PRETTY LITTLE LIARS: ORIGINAL SIN
“The past doesn’t lie.”
Created by: Roberto Aguirre-Sacasa, Lindsay Calhoon Bring / Cast: Bailee Madison, Chandler Kinney, Zaria, Malia Pyles, Maia Reficco, Mallory Bechtel, Carson Rowland, Alex Aliono, Jordan Gonzalez, Derek Klena, Ben Cook, Sharon Leal, Elena Goode, Lea Salonga, Zakiya Young, Eric Johnson, Kate Jennings Grant.
Body Count: 9
Laughter Lines: “To paraphrase Heathers, our teen-angst has now has a body count.”
I watched precisely one episode of the original Pretty Little Liars series, realised it was going to drag out its one-note premise way past its welcome and find a way to screw you over to force multiple seasons.
Upon hearing that a (second?) spin-off series was opting for a straight-up revenge slasher tale over an I-can-do-it 10-episode season, I took a dip.
With title fonts clearly designed to conjure up memories of Friday the 13th, and screen prompts in the Halloween font, telling us what day we’re on, it’s clear from the off somebody involved was penning a love letter to the golden age of dead teenager stalk n’ slash.
On New Year’s Eve 1999, a dishevelled teenage girl staggers into a rave, begging for help from a quintet of prissy prom queens, who tell her she’s on her own. As the clock is about to strike twelve, the girl leaps from the rafters to her death at their feet.
Leaping forward to 2022, all five women still live in the town of Millwood. All five women have one child apiece. All of these children are girls in the same grade. Of these kids, once-popular-but-now-pregnant Imogen had a major falling out with her best friend, Karen, who, when visiting one night to reclaim clothes Imogen borrowed, hands her mom a flyer for the 1999 NYE party that was taped to their door. The girls subsequently find Imogen’s mom has slashed her wrists in the bath and painted the letter ‘A’ in blood on the tiles.
A few months later, a more-pregnant Imogen is now living with Tabby and her mom (another member of the ’99 clique). They, along with ballerina Faran, be-ankle-monitored Noa, and shy nerd Mouse, receive detention for a series of strikes at Karen, who is the 1D bitch. The quintet become fast friends in their plot to take revenge against Karen, which starts a chain reaction of events that leads to the girl falling to her death during a school dance. Deja vu all over again.
The five girls each find themselves tormented by texts from ‘A’, who swears them to silence. Imogen saw a masked loon push Karen to her death but the girl’s father is the local sheriff and blames the five of them for driving her to suicide. Her identical twin sister, Kelly, meanwhile, makes moves to step into Karen’s shoes, socially and… uh… ballerina-ally.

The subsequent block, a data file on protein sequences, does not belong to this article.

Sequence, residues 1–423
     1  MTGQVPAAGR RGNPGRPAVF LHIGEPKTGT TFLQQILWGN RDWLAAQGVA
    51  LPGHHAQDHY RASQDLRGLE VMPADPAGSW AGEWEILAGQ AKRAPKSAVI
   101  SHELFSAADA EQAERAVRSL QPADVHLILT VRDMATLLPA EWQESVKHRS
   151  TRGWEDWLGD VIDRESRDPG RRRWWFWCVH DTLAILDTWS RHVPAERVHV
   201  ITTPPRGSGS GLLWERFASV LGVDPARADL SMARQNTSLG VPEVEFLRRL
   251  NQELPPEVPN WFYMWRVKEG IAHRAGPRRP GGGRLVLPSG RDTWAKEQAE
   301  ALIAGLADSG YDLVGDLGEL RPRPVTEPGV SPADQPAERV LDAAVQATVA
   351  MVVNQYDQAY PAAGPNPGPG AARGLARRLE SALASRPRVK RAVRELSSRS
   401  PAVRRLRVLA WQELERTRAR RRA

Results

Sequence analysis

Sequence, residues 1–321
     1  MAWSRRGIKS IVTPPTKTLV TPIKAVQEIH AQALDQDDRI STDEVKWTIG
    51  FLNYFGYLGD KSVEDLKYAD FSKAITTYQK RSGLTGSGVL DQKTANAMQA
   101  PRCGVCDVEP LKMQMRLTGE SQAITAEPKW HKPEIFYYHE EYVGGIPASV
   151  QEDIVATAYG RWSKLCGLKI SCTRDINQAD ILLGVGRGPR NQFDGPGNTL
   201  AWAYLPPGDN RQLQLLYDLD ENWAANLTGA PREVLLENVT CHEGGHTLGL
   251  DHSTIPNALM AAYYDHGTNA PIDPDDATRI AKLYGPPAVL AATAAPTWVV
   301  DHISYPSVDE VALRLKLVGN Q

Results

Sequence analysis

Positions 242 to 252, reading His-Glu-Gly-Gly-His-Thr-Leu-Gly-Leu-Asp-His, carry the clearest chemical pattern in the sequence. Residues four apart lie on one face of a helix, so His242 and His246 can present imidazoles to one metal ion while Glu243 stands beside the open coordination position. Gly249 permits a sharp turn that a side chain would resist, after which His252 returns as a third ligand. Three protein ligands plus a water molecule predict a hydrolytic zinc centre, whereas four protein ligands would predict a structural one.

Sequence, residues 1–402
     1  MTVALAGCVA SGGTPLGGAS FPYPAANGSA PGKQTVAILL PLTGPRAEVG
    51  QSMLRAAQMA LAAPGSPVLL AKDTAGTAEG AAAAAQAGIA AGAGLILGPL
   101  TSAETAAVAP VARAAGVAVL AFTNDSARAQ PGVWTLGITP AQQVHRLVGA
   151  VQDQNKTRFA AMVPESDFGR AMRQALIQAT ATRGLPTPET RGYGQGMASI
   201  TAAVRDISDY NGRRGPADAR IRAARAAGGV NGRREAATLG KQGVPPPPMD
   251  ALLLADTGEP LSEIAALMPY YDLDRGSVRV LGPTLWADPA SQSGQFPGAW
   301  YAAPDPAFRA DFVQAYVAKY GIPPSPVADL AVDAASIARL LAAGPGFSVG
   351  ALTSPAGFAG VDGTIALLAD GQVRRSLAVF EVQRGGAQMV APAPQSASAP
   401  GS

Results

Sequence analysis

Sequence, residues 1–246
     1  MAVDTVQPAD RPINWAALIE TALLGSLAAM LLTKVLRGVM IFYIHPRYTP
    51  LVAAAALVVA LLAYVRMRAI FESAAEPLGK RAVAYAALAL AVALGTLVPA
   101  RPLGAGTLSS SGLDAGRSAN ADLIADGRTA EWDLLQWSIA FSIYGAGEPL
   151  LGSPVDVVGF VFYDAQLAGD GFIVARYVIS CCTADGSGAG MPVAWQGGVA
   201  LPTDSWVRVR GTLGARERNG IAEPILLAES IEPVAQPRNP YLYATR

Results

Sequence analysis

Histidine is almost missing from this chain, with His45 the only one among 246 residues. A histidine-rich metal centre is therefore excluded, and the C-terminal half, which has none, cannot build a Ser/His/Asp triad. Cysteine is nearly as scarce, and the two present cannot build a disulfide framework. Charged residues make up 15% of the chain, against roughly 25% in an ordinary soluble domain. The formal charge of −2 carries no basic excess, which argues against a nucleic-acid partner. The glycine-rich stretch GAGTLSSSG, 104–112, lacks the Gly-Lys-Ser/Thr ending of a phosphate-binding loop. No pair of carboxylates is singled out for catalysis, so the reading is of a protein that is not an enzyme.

Mucho Nancy Drewing occurs – road trips to an institution, exploring old houses, befriending a guy who lives on an abandoned train… Despite leaving the gate with bloody intentions, the body count soon grinds to a halt after a scant three murders, despite there being a buffet of asshole jocks to pick from, the moms, various staff members at the school… A side-mystery around two rapes comes into play, which the girls manage to use to defend themselves when the bully-hating killer comes-a-callin’.
Film geek Tabby talks in movie metaphors for most of her scenes, even presenting a class project on slasher movie conventions that goes into gender issues of the genre, which is interesting when she comes to making a flipped version of the Psycho shower scene, but given this speech and all her talk around the male gaze, to then forge ahead and adhere to so many cliches around women in horror displays the operational limitations – such as blaming the death of a girl on a group of girls, and them tormenting other girls on the back of it. Why couldn’t one of the kids been a boy? Why couldn’t a few of them be older or younger to mix it up a bit? Hell, just give us Handsome Little Liars, where a group of teen boys are hunted in payment for the death of another boy.
Bailee Madison, who handled final girl duties in The Strangers: Prey at Night, as Imogen, gets to scrap with the killer at the end in a good-but-is-it-too-late fight scene that highlights how sorely lacking this level of action horror has been over the preceding nine episodes. In this sense, the propositions of the first episode feel like broken promises, especially as things end with the door thrown wide open for another round, though not before an all-too-cosy scene in which all of the remaining principle characters sit around and count their blessings, getting back together, going to rehab, moving back from the city. Hallmark has a lot to answer for.
An okay show, wrapped up too swiftly, but it settled for merely flirting with slasher movie conventions rather than fully embracing them.